Opener ‘Baby Kingdom’ is one of two spoken interludes that bookend the album, perfectly introducing us to the poetic, diary-like honesty that threads this mixtape together. Then the bangers get underway; the flawless ‘Raw Thoughts’ starts low-key before giving way to pure pop jubilation, and a hook so irresistible it’s difficult to let the song end without your brain itching to hit replay. But treasures abound ahead: ‘You Shaped Hole’ jangles golden piano juxtaposed with more down-beat lyrics recounting the heart-ripped-out pain of a breakup, in a similar vein to Paramore’s ‘Hard Times'.
Taking notes from earlier hit ‘Want Me’ in their daydream longing and the unbridled desperation of a crush, ‘American Dream’ and ‘Dover Beach’ are perfectly crafted pop with a fuzzy edge, catchy and crisp, the former aided by the honeyed vocals of similarly fast-rising star MAY-A. Their bittersweet euphoria bleeds into the sombre comedown of ‘Pt. 2’, and it’s at this point that the mood evolves to unlock a new level of vulnerability in the final few tracks. ‘These Drugs’ is bitingly open on substance use for warped self-medication, while ‘I’m A Mess’ glistens with bouncing synths as it carves out a story of shame and depression (“I want to be more like my sister/cos she can make her bed”).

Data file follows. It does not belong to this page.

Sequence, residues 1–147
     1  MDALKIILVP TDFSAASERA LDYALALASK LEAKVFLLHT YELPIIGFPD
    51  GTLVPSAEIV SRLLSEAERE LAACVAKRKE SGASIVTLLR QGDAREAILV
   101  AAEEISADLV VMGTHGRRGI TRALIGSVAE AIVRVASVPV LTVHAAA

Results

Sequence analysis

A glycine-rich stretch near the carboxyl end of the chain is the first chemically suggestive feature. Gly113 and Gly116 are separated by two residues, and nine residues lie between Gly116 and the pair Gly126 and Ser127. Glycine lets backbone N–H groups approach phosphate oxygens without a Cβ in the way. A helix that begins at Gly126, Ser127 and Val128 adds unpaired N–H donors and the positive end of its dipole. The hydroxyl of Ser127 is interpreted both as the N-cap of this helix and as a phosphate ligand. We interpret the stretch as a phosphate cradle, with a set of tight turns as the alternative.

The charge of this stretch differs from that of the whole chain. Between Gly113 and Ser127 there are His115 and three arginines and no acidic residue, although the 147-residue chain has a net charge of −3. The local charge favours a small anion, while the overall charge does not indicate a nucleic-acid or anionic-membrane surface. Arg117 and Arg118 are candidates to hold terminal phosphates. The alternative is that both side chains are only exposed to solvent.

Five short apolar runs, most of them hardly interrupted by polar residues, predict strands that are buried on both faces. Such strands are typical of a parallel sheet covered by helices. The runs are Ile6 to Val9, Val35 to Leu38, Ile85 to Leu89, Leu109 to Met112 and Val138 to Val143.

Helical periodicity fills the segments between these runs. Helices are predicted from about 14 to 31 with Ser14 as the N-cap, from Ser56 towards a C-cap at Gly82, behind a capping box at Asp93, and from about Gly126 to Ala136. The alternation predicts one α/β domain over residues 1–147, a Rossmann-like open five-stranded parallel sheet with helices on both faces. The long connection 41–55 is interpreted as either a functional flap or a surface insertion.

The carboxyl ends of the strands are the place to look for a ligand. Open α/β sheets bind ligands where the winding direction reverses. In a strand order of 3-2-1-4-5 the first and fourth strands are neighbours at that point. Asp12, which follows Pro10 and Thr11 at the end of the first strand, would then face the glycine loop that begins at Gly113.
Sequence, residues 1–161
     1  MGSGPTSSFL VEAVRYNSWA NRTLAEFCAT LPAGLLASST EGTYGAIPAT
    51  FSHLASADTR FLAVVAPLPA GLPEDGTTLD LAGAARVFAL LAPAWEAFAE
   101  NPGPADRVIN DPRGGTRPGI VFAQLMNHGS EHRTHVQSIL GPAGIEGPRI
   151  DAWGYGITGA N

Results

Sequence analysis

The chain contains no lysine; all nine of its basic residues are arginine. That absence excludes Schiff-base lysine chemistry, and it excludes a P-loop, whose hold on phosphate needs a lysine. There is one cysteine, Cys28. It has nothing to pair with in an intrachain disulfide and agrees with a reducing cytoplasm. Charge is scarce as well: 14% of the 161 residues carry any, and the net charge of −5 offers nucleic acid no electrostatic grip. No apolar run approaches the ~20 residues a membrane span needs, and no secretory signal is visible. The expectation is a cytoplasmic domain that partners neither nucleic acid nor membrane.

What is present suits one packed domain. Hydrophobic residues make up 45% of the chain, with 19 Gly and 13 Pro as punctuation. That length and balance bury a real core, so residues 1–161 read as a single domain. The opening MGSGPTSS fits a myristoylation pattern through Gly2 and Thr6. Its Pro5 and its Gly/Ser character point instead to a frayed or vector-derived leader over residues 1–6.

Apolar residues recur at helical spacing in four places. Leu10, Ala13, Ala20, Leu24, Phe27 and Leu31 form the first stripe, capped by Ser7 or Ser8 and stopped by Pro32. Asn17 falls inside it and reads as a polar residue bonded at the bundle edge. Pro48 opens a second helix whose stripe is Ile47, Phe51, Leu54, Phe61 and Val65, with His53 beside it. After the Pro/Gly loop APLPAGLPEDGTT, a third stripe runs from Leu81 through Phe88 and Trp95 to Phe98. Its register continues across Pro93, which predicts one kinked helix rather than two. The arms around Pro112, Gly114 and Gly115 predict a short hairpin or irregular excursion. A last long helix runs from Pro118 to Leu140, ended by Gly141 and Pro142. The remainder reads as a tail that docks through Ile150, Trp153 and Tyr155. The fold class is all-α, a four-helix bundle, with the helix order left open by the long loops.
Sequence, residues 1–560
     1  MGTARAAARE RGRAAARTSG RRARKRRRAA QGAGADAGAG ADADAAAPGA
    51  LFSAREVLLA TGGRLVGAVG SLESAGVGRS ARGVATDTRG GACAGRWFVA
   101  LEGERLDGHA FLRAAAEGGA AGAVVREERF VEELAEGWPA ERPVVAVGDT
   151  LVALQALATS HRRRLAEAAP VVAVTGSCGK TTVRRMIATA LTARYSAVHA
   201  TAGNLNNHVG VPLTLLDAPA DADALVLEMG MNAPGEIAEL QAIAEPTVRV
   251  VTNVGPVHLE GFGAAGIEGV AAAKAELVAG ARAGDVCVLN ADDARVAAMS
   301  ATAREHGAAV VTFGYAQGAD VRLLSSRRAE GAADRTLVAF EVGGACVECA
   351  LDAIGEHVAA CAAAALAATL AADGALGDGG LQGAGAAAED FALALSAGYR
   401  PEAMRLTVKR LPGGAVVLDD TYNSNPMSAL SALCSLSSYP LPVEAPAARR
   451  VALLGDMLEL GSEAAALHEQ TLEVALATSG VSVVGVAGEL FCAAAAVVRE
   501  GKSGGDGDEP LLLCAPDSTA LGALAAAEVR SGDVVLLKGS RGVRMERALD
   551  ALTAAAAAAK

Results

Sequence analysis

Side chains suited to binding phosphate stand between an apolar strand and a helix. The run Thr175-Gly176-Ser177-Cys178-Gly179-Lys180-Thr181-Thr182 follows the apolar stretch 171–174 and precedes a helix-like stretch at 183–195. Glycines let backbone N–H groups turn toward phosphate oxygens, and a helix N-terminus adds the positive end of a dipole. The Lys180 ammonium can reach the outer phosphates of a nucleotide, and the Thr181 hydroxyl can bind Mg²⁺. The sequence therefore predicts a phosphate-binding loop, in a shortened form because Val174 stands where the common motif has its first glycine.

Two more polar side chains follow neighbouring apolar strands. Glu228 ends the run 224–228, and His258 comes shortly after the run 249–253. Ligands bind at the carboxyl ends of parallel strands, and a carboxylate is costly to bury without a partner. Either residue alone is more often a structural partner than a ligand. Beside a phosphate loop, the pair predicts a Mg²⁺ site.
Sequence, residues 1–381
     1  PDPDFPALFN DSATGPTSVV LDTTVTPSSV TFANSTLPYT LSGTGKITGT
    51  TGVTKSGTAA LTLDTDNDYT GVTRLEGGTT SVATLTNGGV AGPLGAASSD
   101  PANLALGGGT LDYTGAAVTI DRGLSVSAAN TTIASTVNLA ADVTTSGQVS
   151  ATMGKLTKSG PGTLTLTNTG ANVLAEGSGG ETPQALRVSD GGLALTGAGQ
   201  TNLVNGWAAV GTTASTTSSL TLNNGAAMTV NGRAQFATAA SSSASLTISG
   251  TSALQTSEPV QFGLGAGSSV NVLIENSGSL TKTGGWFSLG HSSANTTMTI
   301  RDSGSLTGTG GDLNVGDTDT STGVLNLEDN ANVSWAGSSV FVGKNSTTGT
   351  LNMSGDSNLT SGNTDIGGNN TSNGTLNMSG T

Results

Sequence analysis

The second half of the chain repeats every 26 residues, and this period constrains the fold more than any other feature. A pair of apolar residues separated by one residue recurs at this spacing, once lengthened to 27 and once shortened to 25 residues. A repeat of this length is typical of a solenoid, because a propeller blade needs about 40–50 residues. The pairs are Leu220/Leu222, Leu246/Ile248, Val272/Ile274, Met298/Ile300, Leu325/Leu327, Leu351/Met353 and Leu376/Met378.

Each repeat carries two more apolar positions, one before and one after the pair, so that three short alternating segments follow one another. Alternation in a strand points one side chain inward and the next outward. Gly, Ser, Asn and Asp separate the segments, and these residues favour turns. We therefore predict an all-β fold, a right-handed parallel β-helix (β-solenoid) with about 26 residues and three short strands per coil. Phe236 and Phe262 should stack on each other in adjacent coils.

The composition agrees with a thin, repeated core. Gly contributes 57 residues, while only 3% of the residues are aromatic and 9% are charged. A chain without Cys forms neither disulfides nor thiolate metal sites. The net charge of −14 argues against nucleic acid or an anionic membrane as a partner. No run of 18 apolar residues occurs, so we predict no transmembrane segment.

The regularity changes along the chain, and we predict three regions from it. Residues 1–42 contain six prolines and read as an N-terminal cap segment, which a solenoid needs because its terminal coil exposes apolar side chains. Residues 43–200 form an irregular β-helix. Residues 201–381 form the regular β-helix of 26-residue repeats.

The contrasts on display here freshly reveal Baby Queen’s ability to fearlessly soundtrack the whole picture, showing us the dazzling height of the party as well as the melancholy of the morning after. Whetting our appetite for a debut album, The Yearbook sees Baby Queen climbing the ranks of alt-pop royalty.